Defining Your Brand’s Voice in the Consumer Electronics Space

3 Steps to Map out Your Brand’s Voice

The consumer electronics playing field changes every day and encompasses a ton of brands. If you want to stay on top of your game and win a following of loyal fans, you’ll have to know who you are.

Your brand identity goes much farther than colors, fonts and visuals. Your brand has a voice. In fact, it has a personality, and it needs to be clearly mapped out, whether you sell mobile electronic products or manufacture car audio accessories.

Your consumers see and get to know your brand’s personality everywhere from your website’s 404 error pages to your YouTube video tutorial descriptions. Whether you’re a new company or have been around the block for 10 years, you can define your brand’s voice today.

Understanding your brand’s voice is just as important as understanding your audiences. Once you understand both, you can build your brand and the loyalty of those that follow it. If you’re looking to discover your brand’s voice or if you’re needing a refresh, follow these three steps to make your brand come alive.

Pinpoint Your Audience

The first and most important question you’ll need to answer is: who exactly are you talking to? You may have basic demographics nailed down, but you’ll need to dig much deeper by creating archetypes or personas.

Start by picking one or two people from each of your target audiences (urban hipsters, young families, homebodies, for example) and you can even give them names, like Johnny and Stef or the Johnson family, if you’d like. Next answer some of these questions to begin building out your archetypes or personas:

→ How old are they?

→ How much do you they make?

→ Where do they live?

→ How would you describe them?

→ What do they enjoy?

→ What other brands do they connect with?

→ Are they tech savvy?

→ What kind of electronics do they use?


Once you have established archetypes or personas, you can put a name to a face and truly understand who you’re talking to. And consumers become loyal when they connect to brands on an emotional level.

Now that you’ve laid the foundation for two-way communication, the next two steps will come more naturally.

Find Your Voice

Before you solidify your voice, remember to always stay authentic and true to it. Otherwise, you’ll sound fake and confuse consumers if you switch back and forth.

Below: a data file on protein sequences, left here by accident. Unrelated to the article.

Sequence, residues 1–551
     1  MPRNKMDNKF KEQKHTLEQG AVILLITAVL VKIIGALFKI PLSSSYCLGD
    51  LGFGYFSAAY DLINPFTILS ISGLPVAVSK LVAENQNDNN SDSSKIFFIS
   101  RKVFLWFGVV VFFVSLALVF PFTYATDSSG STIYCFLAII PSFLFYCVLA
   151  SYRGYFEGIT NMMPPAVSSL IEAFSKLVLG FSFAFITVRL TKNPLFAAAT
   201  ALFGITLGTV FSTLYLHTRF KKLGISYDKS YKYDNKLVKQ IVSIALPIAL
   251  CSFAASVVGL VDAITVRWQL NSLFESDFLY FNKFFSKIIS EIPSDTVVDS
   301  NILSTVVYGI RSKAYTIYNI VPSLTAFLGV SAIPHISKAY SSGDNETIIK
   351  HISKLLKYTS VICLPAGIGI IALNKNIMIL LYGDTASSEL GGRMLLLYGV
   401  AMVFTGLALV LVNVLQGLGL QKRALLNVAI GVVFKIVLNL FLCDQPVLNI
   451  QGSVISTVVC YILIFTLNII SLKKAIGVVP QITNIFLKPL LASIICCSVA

Imagine if one day you said, “What’s up?” to your best friend and then the next day you said, “What’s cookin’?” They would think it’s a joke. The same applies to brands—a consistent voices establishes validity and trust.

So, how does your brand speak? If you’re unsure, start by choosing three adjectives that describe your voice, and then decide on three adjectives that do not describe your voice. Here are some adjectives to get your mind thinking:

→ Approachable

→ Authoritative

→ Casual

→ Cheeky

→ Clear

→ Clever

→ Conversational

→ Eccentric

→ Genuine

→ Helpful

→ Informative

→ Inspiring

→ Friendly

→ Fun

→ Professional

→ Quirky

→ Snarky

→ Straightforward

→ Trendy

→ Witty

After you’ve figured out how to describe your voice, test it out! Write out a few drafts of your brand’s mission statement in your defined voice. Show it to executives or stakeholders in your company and ask them which draft falls the most in line with your brand. After it’s been decided, you have your first written piece in your brand’s voice—which brings us to the last step.

Create a Style Guide

A style guide tells every single person in your company how your brand’s personality writes and speaks so your messaging can be consistent across every single one of your platforms. When you start mixing up your messages, you become unreliable, and you’ll start to lose your loyal consumer following.

First, define your voice in the style guide. For example, you can say, “Across all mediums, be witty and cheeky yet authoritative. Never be snarky, rude or condescending.”

You can also talk about slang, colloquialisms, abbreviations, idioms, etc. Are you allowed to say, “What the heck?” Info instead of information? What about ASAP?

Next, using your mission statement or another piece of material you’ve written, show examples of your brand in voice and then out of voice. With this, your company, all the way from bottom level to top level, can get a true sense and feel of who you are.

For example, here’s a piece from the “About” section of evok’s website in voice and then out of voice.

Evok in Voice

We are an eclectic group of journeymen and shiny new pennies, yet our passions extend far beyond the advertising industry. We’re musicians, surf bums and beer snobs. We’re junkies for adventure and explorers of the unknown. We laugh at ourselves and at each other. Thick-skinned and warm-hearted, most of all, we’re a family with a shared goal of helping our clients build their brands and reminding them to have fun while doing so.

Evok out of Voice

We are a varied group of workers with passions that extend well beyond the advertising industry. Our team members include account managers and coordinators, art directors, copywriters, and social media strategist and coordinators. As a team, we enjoy diving into new adventures and overcoming hurdles all while having fun. But at the end of the day, we’re a group of go getters with can-do attitudes who share a common goal of helping our clients build a strong brand.

If you’re a new company building your brand from the ground up or even if your brand is having an identity crisis, reach out to evok advertising, so you can help you, find you.